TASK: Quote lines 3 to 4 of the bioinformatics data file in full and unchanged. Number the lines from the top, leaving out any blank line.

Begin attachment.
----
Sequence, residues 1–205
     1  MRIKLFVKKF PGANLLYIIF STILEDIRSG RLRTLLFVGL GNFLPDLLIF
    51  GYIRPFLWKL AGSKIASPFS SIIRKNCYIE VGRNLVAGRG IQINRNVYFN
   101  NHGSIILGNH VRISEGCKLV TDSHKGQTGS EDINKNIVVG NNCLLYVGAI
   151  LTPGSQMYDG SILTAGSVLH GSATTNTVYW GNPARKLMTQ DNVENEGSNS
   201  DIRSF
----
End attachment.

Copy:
    51  GYIRPFLWKL AGSKIASPFS SIIRKNCYIE VGRNLVAGRG IQINRNVYFN
   101  NHGSIILGNH VRISEGCKLV TDSHKGQTGS EDINKNIVVG NNCLLYVGAI